George Schaffer: The ‘Noble Tree’ of Truckee | SierraSun.com

George Schaffer: The ‘Noble Tree’ of Truckee

Gordon Richards
Photo courtesy of Schaffer-Barton Collection/TruckGeorge Schaffer's third sawmill was on Martis Creek. Lumber production made Schaffer a wealthy man. Unlike some other logging operations, Schaffer left trees for future forests.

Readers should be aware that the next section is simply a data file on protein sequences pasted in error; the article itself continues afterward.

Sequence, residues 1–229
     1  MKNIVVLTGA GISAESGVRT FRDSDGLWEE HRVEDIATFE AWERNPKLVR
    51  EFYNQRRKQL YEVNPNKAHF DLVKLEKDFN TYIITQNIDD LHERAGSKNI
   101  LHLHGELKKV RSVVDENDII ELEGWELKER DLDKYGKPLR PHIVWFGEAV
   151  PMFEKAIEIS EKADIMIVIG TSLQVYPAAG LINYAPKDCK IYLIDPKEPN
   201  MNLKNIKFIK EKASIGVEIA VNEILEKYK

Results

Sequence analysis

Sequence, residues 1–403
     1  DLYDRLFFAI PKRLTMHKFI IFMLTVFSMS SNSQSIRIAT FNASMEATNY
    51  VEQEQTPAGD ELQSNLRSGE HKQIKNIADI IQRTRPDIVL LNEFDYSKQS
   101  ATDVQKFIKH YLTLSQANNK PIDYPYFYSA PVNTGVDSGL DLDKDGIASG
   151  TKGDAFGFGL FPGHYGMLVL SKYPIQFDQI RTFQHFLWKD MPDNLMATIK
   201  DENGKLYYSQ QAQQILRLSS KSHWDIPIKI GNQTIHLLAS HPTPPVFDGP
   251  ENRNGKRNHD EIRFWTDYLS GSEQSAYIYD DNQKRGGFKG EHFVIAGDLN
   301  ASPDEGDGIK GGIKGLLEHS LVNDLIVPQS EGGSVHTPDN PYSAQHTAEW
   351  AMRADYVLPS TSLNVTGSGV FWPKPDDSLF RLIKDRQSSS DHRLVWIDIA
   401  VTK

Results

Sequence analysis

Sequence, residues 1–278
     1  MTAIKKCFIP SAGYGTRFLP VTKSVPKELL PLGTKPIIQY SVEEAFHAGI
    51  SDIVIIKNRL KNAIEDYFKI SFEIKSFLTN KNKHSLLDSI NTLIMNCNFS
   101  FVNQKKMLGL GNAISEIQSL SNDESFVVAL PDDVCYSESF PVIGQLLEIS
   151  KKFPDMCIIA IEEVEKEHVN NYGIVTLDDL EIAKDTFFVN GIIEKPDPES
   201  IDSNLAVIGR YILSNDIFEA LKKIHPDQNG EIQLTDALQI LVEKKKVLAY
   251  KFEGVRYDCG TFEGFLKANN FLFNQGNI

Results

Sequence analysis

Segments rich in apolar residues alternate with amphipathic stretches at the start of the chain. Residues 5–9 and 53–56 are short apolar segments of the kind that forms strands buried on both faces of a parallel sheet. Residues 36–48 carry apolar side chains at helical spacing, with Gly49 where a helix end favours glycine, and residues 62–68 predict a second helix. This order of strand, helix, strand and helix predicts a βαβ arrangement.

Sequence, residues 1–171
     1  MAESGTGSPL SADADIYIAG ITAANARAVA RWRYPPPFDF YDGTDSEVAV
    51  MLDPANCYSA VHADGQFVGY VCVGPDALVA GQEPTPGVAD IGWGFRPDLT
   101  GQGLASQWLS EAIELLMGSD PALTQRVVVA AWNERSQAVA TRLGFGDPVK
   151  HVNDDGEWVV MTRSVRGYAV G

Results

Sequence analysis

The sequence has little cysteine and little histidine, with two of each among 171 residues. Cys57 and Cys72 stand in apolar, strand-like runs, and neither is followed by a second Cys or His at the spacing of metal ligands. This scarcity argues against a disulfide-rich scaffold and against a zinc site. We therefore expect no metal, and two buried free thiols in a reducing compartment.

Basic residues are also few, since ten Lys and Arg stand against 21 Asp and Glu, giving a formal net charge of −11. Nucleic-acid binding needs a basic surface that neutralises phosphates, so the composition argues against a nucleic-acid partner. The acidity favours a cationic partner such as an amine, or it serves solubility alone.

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The “Father of Truckee” was George Schaffer. Schaffer co-founded the first sawmill on the Truckee River, built and owned the first water system and was a major booster of a civilized town. The Schaffer’s had a a small private graveyard for family members just southeast of downtown Truckee. The graveyard is now owned by the Truckee Donner Historical Society. It is in the middle of the Ponderosa Palisades Townhouses on Palisades Drive. Saturday June 12, at 10 a.m., Historical Society members will perform a cleanup of the small plot. Six known graves from George Schaffer’s relatives still remain. George Schaffer was born in Germany, and immigrated to America with his parents William(Wiegand) and Mary Schaffer, when he was a young man. He first settled in Pennsylvania, and later in Iowa, where he met and married his wife Margaret. George and his brother James moved to Carson City area in 1861.George built a sawmill in the upper watershed of Clear Creek and operated it until 1867, selling his lumber in Virginia City. With the approach of the Central Pacific Railroad, he saw a golden opportunity to move his operations to Coburn’s Station, along the Truckee River. In 1867, with early settler Joseph Gray, he built a sawmill on the south side of the Truckee River, possibly just west of the bridge, opposite what is now downtown Truckee. Another report puts it near the Hilltop resort area, further up the hill.Construction of the railroad spurred a huge demand for lumber, ties, timbers and wood. Lumber would make George Schaffer a wealthy man by Truckee standards. He began building the first bridge over the Truckee River in 1867, allowing easy transportation from his mill to the railroad. He charged a toll for wagon and horse traffic, adding to his income. Nevada County and Truckee residents bought the bridge in 1873.In the winter of 1868, Schaffer contracted with the Central Pacific Railroad to haul a small construction locomotive, the San Mateo, over the snow from Cisco to the Plaza in what was about to become downtown Truckee. He disassembled it, loaded it onto sleds and drove teams of snowshoe clad oxen over the drifts of Donner Pass. Once it was reassembled, the Central Pacific used it to build a section of track along the Truckee River from Coburn’s Station down the Truckee River Canyon.